Integral Review

A Transdisciplinary and Transcultural Journal For New Thought, Research, and Praxis

Posts Tagged ‘Jonathan Reams’

A Brief Overview of Developmental Theory, or What I Learned in the FOLA Course

Jonathan Reams

Abstract: This article describes the history and development of developmental theory from a lay person perspective. It covers some of the main strands of how developmental theory has grown, focusing on ego stage theories and dynamic skill theory as the main examples of soft and hard stage models. It also touches on how measures of these models relate to the theories. Reflections on the relative merits of each strand are considered, as well as implications for broadening the scope of awareness of developmental theory among the larger population of integrally informed practitioners.

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Plain and Integral: An Interview with Karen Kho

Jonathan Reams

Abstract: Karen Kho describes her work in the Alameda County Green Building Program. She covers the application of an integral framework to working with a variety of stakeholders in the residential building industry. This work includes a stakeholder analysis, rating program, educational materials and guidelines. How the program expanded beyond Alameda County is also covered.

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Integral Review and its Editors

 

Abstract: In this introduction to Integral Review’s inaugural issue, we explain the meaning we give to the title of this electronic journal which is open-access, both refereed and peer-reviewed, and why that meaning is important for us in today’s world. The draft of the basic article, which was intensely discussed among the members of the editorial committee, was written by Sara Ross and Reinhard Fuhr,* and following it, other members of the editorial committee added their personal emphases in reference to the integral paradigm as well as their (critical) evaluation of the premises made in the basic article. Thus Thomas Jordan offers a set of categories and criteria for integral qualities which turned out to be most important in practice and evaluation processes. Michel Bauwens makes distinctions about the multi-perspectival nature of the integral paradigm, points out ways to avoid four different kinds of reductionism, and highlights layers of awareness. Russ Volckman emphasizes the connection between the diversity of worldviews and methodologies, which allow us to also integrate recent developments in behavioral approaches in his professional field of organization and leadership development. Jonathan Reams emphasizes the new, transcendent quality of an integral approach that enables us to use different qualities of “reflection” flexibly and – as we have a meta-framework of human perceptions and values – to recognize everybody’s truth and feel compassionate with it. We then close with a discussion of the relationship between Integral Review and the mission of its non-profit publisher, ARINA, Inc.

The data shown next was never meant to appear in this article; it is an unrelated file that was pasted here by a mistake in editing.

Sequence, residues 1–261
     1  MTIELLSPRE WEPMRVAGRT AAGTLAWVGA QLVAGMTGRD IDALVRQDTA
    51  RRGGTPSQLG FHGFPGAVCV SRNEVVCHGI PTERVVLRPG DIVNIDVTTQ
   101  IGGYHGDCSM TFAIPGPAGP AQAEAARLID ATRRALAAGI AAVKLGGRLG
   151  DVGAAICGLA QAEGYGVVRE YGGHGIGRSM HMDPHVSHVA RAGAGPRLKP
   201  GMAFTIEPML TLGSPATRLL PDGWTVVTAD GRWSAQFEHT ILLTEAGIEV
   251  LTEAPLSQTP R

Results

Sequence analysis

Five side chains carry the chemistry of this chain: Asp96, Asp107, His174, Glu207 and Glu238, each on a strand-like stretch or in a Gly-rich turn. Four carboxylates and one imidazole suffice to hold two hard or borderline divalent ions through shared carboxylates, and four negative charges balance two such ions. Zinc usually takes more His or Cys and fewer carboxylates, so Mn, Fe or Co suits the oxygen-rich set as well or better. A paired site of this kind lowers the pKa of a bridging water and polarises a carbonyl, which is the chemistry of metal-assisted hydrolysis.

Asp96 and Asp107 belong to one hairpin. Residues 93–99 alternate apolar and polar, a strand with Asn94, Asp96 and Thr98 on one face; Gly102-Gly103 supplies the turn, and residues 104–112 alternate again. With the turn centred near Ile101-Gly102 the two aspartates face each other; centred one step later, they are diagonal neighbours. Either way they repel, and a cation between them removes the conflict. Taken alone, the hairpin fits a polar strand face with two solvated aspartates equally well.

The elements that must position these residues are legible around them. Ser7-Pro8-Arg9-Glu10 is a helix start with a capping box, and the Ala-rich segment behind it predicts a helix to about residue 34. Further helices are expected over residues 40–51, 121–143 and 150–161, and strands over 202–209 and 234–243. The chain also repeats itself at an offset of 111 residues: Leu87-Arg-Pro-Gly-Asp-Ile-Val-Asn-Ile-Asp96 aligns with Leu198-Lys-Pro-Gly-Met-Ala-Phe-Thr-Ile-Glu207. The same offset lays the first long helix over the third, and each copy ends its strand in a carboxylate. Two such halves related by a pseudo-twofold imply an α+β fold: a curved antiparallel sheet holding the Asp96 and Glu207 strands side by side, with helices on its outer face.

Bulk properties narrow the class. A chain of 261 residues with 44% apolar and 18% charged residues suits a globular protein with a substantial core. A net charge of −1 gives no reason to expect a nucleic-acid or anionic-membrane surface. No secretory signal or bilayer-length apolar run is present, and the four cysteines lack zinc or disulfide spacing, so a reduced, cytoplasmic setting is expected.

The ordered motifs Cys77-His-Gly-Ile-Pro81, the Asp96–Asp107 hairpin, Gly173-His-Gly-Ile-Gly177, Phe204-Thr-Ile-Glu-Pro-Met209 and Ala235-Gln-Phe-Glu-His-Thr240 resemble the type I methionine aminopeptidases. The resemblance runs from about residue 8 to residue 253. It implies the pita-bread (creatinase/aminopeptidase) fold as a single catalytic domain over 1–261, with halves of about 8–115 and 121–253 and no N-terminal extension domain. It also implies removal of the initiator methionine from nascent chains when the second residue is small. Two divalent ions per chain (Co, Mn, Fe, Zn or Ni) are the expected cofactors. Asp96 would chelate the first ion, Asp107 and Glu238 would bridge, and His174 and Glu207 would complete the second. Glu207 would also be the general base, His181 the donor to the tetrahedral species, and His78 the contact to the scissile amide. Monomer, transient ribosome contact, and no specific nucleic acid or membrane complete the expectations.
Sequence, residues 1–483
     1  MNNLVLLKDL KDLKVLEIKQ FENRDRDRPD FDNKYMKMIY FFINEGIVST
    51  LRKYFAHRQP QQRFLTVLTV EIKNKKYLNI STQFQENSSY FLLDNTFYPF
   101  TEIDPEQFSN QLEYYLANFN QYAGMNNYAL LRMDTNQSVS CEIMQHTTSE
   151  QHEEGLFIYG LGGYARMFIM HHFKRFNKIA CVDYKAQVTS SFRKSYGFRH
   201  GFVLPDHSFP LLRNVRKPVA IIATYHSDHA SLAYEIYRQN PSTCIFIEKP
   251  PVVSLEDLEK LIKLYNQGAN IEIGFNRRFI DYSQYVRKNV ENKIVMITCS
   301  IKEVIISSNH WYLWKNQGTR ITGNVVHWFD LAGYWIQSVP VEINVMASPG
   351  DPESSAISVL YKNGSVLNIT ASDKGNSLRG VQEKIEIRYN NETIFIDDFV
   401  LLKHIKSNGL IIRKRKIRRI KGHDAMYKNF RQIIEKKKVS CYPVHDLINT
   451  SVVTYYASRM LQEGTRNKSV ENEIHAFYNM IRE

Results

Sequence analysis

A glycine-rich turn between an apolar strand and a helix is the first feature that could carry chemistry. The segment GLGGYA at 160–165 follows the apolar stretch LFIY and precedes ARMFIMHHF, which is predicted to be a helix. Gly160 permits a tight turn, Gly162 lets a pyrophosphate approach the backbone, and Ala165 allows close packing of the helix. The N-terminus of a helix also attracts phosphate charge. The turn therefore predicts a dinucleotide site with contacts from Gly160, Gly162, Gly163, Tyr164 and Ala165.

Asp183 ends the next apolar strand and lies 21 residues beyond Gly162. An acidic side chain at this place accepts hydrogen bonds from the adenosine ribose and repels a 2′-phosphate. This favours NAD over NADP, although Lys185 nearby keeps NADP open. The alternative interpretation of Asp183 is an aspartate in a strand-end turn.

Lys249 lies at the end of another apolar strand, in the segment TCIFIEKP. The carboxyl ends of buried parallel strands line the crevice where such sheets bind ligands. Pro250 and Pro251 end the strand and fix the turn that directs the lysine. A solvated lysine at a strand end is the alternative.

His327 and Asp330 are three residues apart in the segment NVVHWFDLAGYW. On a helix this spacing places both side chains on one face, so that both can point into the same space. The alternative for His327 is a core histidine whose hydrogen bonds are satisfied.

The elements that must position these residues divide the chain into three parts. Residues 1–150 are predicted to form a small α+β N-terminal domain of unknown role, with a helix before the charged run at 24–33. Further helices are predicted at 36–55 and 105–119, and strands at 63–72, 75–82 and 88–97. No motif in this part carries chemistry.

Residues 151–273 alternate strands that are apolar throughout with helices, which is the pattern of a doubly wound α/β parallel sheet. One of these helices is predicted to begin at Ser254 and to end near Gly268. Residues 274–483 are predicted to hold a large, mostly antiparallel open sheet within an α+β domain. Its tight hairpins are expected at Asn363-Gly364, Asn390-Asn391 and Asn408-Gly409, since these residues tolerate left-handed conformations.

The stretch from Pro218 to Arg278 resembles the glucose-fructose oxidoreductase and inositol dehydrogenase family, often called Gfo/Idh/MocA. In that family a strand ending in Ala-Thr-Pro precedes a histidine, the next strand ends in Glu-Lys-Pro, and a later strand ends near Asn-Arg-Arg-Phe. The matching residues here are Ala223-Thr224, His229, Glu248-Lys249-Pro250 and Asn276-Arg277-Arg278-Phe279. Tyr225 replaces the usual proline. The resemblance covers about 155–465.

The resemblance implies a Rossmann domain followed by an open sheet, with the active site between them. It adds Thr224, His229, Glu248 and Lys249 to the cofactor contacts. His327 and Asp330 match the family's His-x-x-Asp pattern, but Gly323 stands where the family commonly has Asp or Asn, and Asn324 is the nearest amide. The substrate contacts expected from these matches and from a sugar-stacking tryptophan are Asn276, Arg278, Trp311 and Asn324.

Editor’s note: Sara Ross is president of ARINA, Inc. and coordinator of IR, Reinhard Fuhr is editor-in-chief of IR

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What’s Integral about Leadership? A Reflection on Leadership and Integral Theory

Jonathan Reams

Abstract: This article provides an introduction to the idea of integral leadership. It describes the basic premises of integral theory, focusing on the four quadrants, levels or stages of development, and lines or streams of development. It briefly examines the relationship of consciousness to leadership, and then provides an overview of the history of leadership theory from an integral perspective. It then suggests a distinction between an integrally informed approach to leadership and integral leadership, and closes with questions deserving further inquiry.

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